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Types of chemotherapy


Chemotherapy medicines are put into classes based on:

  • How they affect substances inside the cancer cell
  • Which process or activity the medicine affects in the cancer cell
  • What specific point the medicine attacks a cell as it rests, grows or divides

Because some chemotherapy medicines act in more than one way, they may belong to more than one class.

Chemotherapy works by affecting DNA, the genetic material inside cells that controls how the cells work.

Your doctor may recommend treatment with one chemotherapy medicine or a combination of medicines. Knowing how each medicine works can help predict side effects and help your doctor decide which medicines will work well together, when each medicine should be given, in which order and how often. Your chemotherapy treatment plan will depend on the type and stage of breast cancer, among other factors.

In this section, you’ll learn more about the classes of chemotherapy medicines and some common breast cancer medicines within each class.



These chemotherapy medicines are made from the Streptomyces bacteria. They interfere with way DNA copies itself inside cancer cells, which stops the cells from growing and causes them to die.

Anthracyclines are given by vein and work at any point in the cell cycle, the series of steps that must happen for a cell to divide and make copies of itself. Common anthracyclines in breast cancer are:


Alkylating agents

Alkylating agents were one of the first classes of medicines used to treat cancer. They work by interfering with cell DNA, taking away the ability of the cancer cell to multiply.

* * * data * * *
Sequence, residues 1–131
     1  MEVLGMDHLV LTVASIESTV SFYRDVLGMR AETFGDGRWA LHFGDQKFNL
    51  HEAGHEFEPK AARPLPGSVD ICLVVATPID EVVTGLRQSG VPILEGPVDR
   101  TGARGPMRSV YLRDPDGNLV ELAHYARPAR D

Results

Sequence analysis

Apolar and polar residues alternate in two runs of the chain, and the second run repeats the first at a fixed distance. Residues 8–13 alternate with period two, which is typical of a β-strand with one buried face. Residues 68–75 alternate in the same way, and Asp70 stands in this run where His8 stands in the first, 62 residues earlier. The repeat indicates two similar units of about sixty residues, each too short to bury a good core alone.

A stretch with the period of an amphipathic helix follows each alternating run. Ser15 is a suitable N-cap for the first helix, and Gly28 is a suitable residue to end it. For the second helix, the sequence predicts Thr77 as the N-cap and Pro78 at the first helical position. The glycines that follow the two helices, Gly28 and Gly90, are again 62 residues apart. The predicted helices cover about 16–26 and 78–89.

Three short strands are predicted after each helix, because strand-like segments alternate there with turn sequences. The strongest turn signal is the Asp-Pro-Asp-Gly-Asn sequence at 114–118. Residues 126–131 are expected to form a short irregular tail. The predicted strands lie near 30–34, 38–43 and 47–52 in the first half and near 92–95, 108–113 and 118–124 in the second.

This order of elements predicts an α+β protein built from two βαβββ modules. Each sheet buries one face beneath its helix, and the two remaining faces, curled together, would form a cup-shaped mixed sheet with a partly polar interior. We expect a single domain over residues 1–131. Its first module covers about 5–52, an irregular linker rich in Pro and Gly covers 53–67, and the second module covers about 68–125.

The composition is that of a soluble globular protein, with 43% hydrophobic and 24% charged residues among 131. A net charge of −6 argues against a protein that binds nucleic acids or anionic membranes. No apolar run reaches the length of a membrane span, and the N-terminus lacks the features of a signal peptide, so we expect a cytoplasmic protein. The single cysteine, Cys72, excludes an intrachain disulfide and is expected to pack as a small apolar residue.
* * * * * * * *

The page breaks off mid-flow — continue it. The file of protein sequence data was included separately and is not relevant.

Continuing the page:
Some alkylating agents can be given by mouth, while others are given only by vein. They work by causing damage to DNA at all phases of the cell cycle. A common alkylating agent in breast cancer is:



Taxanes are a type of medicine that blocks cell growth by stopping mitosis, the process of cells dividing. Taxanes interfere with microtubules, the parts of the cell that help move the information inside them during mitosis. Because of this action, taxanes are considered inhibitors of mitosis, or cell division.

Common taxanes in breast cancer are:


Other microtubule inhibitors

These medicines block cell growth by stopping mitosis, the process of cell division. They do this by interfering with microtubules, the scaffolding that helps the cell divide.

There are multiple other medicines or classes of medicines used in breast cancer that act as microtubule inhibitors. They are:

Epothilones. There is one epothilone that is FDA approved for use in metastatic breast cancer:

Vinca alkaloids. These medicines kill cancer cells by attaching to a protein called tubulin, which stops the production of normal microtubules. There is one approved vinca alkaloid for metastatic breast cancer:



Antimetabolites are medicines that damage cancer cells by interfering with the way DNA develops inside the cells. They are similar to normal substances inside the cell, so they “trick” the makeup of the cell into thinking the antimetabolite is a normal part of the DNA. Then, the antimetabolite damages the DNA after it becomes part of the makeup. Antimetabolites work at very specific times in the cell cycle.

Common antimetabolites in breast cancer are:


Platinum-based chemotherapy

These chemotherapy medicines contain the metal platinum. Platinum medicines interfere with cells’ DNA, taking away the ability of the cancer cell to multiply.

Platinum-based medicines in breast cancer are:


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Reviewed and updated: August 31, 2015

Reviewed by: Adrienne Gropper Waks, MD , Laura M. Spring, MD


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